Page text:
Polyurethanes (PUR) are one of the largest classes of polymers with properties that can be tailored over a wide range for a large number of application. They can be thermosetting or thermoplastic, rigid and hard or flexible and soft. They are formed from the reaction of an organic diisocyanate with a diol compound, which leads to urethane linkages in the backbone (-NH-C(=O)-O-).


The high reactivity of the isocyantes allows for reaction injection molding and for the manufacture of rapid curing adhesives and coatings. The manufacture process often involves two steps. First, a low-molecular-weight polyol is reacted with an excess isocyanate to form an isocyante prepolymer. These prepolymers are than coupled (vulcanized) with a diol compound during molding. Foamed PUR structures are produced by deliberately adding a small amount of water. The isocyanate groups react with the water to urea linkages (-NH-C(=O)-NH-), which releases carbon dioxide that acts as a blowing agent during molding.


The properties of PURs greatly depend on the structure of the polymer backbone. They can be tailored to have high strength, high rigidity or high flexibiltiy and toughness. Most of these urethanes have good resistance to oil, (aromatic) hydrocarbons, oxygen, and ozone. Two major drawbacks of PURs are their susceptibilty to microbial attack and the tendency of aromatic urethanes to discolor (yellow) when exposed to UV light.

The three most important commercial aromatic isocyanates are toluenediisocyanate (TDI), diphenylmethane diisocyanate (MDI), and naphthalene diisocyanate (NDI) and their polymeric forms. Toluene diisocyanate is usually supplied as a mixture of two isomers: 2,4-TDI and 2,6-TDI (see table below). MDI and TDI are often used for the preparation of thermoplastic elastomers and foams, while the polymeric forms of MDI and TDI are often prefered for coatings, sealants and adhesives. Aliphatic isocyanate of industrial importance are hexamethylene diisocyanate (HDI), isophorone diisocyanate (IPDI) and hydrogenated MDI (HMDI). In contrast to aromatic isocyantes, urethanes made with these isocyantes are UV-stable (do not discolor) and are less susceptible to oxidation and degradation. However, they are more expensive. For this reason, aromatic isocyantes are used when oxidative discoloration on exposure to UV radiation is not an issue, whereas aliphatic isocyantes are preferred for more demanding applications, like exterior coatings. An important triisocyanate is triphenylmethane triisocyanate. It finds applications in the coating and adhesive industries.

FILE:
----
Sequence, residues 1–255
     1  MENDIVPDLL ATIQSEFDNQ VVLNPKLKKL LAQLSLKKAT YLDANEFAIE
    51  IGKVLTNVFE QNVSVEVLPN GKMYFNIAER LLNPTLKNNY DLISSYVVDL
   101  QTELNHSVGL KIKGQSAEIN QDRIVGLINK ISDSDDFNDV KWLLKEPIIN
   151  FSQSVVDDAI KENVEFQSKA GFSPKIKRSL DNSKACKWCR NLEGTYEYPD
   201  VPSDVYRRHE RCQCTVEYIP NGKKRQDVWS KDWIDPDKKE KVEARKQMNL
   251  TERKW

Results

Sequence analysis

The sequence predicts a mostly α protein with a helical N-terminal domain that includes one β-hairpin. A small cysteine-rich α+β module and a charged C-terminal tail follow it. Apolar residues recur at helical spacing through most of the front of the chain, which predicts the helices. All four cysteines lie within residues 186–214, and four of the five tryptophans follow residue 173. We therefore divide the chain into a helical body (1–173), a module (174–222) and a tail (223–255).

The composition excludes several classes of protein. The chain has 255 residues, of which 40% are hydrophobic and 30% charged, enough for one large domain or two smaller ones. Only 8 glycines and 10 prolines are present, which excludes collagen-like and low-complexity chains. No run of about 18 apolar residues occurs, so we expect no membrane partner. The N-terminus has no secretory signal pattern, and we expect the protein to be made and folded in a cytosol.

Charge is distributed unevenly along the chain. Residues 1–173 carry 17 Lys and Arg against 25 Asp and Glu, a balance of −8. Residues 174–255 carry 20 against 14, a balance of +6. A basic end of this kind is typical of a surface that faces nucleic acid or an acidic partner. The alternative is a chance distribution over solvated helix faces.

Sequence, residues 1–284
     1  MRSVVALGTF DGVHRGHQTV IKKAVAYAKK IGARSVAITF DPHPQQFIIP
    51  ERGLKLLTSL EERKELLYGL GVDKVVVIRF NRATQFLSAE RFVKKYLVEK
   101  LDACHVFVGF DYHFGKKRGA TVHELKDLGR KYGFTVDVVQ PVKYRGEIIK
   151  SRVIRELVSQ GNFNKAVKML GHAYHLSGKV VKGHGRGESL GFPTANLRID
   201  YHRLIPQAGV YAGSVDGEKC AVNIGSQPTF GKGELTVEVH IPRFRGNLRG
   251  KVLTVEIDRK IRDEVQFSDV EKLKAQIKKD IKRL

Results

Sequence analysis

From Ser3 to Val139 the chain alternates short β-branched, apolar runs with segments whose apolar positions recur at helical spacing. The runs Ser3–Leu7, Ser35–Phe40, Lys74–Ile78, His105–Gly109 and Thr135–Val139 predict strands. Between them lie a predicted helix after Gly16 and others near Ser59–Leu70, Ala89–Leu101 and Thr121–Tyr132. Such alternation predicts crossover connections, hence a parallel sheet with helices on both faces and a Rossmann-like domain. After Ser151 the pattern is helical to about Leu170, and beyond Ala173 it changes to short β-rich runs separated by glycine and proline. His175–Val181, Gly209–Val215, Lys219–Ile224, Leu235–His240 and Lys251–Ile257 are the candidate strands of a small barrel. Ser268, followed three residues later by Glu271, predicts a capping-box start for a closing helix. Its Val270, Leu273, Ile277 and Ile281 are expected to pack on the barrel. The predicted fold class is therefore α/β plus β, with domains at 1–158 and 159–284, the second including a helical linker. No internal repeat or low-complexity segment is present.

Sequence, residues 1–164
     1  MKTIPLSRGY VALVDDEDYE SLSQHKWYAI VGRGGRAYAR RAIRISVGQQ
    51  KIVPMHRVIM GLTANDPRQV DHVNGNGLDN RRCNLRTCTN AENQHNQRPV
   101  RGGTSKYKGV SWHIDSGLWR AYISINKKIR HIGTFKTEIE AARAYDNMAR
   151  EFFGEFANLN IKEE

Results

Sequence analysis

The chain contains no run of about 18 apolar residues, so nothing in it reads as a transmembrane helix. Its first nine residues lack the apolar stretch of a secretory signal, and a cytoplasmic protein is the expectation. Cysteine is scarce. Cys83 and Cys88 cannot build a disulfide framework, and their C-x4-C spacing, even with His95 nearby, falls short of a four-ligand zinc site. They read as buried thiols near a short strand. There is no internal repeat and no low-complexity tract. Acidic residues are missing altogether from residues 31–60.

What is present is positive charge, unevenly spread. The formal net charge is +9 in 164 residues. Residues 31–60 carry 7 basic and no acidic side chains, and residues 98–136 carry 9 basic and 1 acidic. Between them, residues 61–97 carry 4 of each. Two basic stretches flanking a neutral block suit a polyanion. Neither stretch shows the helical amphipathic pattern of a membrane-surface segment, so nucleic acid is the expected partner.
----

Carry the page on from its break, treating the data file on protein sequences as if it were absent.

Polyurethanes obtained from aromatic isocyantes and low molecular weight diols have high glass transition temperatures and are rather brittle, whereas PURs obtained from aliphatic isocyantes and polymeric diols have much lower glass transition temperatures (Tg's) and are much more flexible. The majority of commercial PURs are elastomers. They can be made without crosslinking (vulcanizing) the polymer chains. The highly elastic network consists of alternating flexible polyether/polyester blocks and rather short and hard (aromatic) urethane blocks. The urethane blocks associate to hard domains that are connected via hydrogen bonds. These domains act as physical crosslinks and provide a restorative force when the thermoplastic urethane elastomer is stretched.